Black Eyed Peas, Slipknot, Slash, Parov Stelar: not a bad 2019 lineup for the Sopron-based festival. Marked with political controversies and an attendance of 143 000, you can find a short, subjective report on this year’s VOLT below.

Arriving at Sopron on a sunny Saturday afternoon, I found myself surrounded by a diverse cloud of people in the “city of stars”. 20-something regular festival goers, 15-year-old high school students, and veterans aged 40+: the crowd was way more colourful then I remembered from when I attended VOLT the last time.

Granted, VOLT has come a long way. Emerging as the greatest Hungarian festival in the 1990s, it is now in the portfolio of Károly Gerendai, along with the other two of the “Big Three”: Balaton Sound and Sziget. Long considered to be the middle ground between Hungarian and international music, between alternative and mainstream, or between rock and pop, the festival is perhaps struggling to find its own identity at the moment.

But back to Sopron! Walking a different road this time (VOLT took place some kilometres away from its usual location), I arrived at the gates of the festival in the setting sun. No queue at the entrance was very positive (many of us are still scarred by that hellish experience before Rihanna’s Sziget performance), and the new location certainly seemed to have paid off nicely. Food trucks were spread across a larger area, stages were put a bit further away from each other so that one did not have to listen to hard techno and trap hop simultaneously while waiting in line for a burger. 

Parov Stelar concert VOLT
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Parov Stelar

The first concert I attended after having consumed a delicious burger was the regular Hungarian gig by the unofficial king of electro swing. For some reason I have yet to understand, Parov is incredibly popular in Hungary (compared to other European countries), regularly giving 3-4 concerts per summer for 10 years now. The Austrian DJ gives energetic performances and is always accompanied by a live band, consisting of fantastic singer Daniela Hrenek and a wonderful saxophonist, “Max the Sax”, among others. Their performance at VOLT 2019,  however, was nothing out of the ordinary: usual beats, usual vibes, usual quality.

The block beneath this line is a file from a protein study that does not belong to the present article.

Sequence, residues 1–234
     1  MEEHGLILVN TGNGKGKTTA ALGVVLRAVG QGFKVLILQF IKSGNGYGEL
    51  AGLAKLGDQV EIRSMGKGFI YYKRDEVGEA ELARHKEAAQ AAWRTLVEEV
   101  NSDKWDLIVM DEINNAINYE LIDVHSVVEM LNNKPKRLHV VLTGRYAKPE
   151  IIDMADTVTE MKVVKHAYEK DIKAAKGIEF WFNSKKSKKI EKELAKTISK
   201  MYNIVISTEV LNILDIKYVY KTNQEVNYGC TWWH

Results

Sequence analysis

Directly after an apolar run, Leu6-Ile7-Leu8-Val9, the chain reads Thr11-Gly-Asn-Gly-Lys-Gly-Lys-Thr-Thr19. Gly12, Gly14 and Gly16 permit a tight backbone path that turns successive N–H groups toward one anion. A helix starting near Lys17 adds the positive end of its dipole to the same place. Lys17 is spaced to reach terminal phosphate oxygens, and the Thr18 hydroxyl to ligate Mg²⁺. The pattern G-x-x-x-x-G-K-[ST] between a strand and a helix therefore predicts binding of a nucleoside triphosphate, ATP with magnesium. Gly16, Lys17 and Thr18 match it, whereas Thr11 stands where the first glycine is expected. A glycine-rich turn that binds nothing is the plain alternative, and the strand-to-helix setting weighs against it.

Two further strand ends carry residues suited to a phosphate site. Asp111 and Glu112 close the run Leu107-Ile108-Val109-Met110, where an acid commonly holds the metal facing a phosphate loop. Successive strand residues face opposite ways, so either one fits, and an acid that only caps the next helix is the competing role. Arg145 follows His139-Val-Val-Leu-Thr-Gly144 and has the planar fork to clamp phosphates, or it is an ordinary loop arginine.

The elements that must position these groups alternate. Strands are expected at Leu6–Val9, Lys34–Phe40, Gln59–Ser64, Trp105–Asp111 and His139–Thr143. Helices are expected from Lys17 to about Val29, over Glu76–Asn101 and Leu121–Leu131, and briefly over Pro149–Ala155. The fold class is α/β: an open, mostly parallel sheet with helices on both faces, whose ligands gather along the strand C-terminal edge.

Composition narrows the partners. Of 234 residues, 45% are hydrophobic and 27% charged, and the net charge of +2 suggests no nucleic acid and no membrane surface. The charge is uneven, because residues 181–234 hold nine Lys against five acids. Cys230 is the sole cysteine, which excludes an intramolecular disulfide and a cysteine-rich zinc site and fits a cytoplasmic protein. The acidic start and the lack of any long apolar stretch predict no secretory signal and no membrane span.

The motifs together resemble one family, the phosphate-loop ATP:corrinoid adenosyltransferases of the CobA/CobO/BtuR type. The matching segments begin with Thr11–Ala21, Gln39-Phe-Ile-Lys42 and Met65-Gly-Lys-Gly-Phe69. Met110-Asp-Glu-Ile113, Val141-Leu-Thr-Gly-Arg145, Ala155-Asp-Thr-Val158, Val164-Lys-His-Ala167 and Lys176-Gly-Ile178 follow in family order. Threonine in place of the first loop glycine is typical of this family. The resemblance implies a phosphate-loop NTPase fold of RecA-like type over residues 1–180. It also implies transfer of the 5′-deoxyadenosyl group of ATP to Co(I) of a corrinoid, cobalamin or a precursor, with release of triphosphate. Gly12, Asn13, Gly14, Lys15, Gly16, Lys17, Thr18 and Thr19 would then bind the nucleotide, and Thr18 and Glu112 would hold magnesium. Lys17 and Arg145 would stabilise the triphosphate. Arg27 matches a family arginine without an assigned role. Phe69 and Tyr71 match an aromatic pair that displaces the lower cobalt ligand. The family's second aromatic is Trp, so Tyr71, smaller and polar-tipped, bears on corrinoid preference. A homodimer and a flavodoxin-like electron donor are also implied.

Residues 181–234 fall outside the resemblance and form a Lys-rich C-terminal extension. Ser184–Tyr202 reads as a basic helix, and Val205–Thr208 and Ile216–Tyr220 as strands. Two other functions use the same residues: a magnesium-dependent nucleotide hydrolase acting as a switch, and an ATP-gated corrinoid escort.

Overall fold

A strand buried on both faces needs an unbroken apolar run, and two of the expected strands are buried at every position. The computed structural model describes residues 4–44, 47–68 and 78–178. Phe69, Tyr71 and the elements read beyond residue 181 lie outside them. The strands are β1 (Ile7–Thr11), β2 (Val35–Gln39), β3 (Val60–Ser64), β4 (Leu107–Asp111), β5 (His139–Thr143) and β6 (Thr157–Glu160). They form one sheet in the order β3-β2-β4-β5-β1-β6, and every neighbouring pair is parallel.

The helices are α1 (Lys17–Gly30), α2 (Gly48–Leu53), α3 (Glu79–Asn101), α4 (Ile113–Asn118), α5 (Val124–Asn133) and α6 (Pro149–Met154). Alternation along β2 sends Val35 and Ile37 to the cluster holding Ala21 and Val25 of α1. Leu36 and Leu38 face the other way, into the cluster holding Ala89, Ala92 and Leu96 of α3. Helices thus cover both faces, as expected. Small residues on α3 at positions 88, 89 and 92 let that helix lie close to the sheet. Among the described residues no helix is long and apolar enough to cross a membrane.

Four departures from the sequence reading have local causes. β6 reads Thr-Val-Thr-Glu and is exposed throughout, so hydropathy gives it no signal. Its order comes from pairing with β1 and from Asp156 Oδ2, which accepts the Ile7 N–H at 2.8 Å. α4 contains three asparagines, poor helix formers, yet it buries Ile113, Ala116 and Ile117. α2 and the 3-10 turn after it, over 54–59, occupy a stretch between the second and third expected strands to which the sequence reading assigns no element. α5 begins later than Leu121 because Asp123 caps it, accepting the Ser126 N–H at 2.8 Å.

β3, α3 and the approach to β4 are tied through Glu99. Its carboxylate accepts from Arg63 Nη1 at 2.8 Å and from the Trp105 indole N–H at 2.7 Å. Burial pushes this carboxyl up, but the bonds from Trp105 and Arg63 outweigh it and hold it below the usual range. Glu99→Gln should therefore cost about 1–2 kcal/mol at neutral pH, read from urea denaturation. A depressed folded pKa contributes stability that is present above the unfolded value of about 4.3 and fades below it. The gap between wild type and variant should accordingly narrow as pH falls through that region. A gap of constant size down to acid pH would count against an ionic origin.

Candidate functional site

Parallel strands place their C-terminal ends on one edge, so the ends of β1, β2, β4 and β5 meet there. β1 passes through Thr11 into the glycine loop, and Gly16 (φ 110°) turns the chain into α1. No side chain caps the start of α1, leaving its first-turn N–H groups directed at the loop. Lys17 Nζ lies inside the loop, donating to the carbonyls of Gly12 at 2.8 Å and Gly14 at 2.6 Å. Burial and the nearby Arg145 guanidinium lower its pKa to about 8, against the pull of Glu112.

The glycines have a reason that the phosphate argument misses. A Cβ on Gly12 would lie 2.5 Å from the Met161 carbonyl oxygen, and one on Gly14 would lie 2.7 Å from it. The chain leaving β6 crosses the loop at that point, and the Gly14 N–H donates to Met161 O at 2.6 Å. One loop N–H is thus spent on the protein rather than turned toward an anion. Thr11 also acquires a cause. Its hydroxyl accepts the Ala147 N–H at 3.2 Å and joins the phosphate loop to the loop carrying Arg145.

Parov’s music is so danceable though that the audience quite visibly enjoyed themselves, despite the relatively soulless concert.

Just as they have countless times and just as they probably will in the future.

VOLT festival Hungary
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Kruder and Dorfmeister

The other main concert I attended Saturday night was Kruder and Dorfmeister, and oh boy, was I right to do so.

Energetic, atmospheric, and incredibly personal, the trip-hop duo’s midnight performance was nothing short of amazing. 

If you are not familiar with their music, I suggest a quick look into their discography: techno beats and trap drops fused with friendly jazz, their work sounds refreshing and fun in today’s oversaturated electronic music market.  They visibly enjoyed the 2-hour-long performance and frequently interacted with the audience, if only by the occasional smile and wave, which for some reason all seemed very genuine. The audience gave off positive vibes also, even attracting people who were not well-versed in the alternative techno scene.

All in all, I left this year’s VOLT with good feelings again. Despite some details (like the weird and, in all honesty, unnecessary showing of Orbán’s 1989 speech), Saturday was again a strong showing of Hungary’s third biggest festival.

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Source: Daily News Hungary

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